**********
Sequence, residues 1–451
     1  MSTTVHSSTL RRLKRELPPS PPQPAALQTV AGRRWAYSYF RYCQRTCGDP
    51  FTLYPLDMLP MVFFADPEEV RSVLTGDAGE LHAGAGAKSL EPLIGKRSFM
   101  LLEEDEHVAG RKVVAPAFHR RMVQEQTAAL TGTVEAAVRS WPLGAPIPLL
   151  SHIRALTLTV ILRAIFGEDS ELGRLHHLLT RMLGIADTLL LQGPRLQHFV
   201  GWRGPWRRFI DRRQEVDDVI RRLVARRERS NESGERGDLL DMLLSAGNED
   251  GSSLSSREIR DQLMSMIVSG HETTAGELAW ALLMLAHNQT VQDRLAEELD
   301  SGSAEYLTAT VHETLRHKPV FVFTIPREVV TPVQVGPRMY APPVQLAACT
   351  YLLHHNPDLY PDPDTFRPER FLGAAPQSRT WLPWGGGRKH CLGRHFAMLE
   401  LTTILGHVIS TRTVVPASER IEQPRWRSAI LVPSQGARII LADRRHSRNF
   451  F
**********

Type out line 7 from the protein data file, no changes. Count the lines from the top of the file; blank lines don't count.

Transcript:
   251  GSSLSSREIR DQLMSMIVSG HETTAGELAW ALLMLAHNQT VQDRLAEELD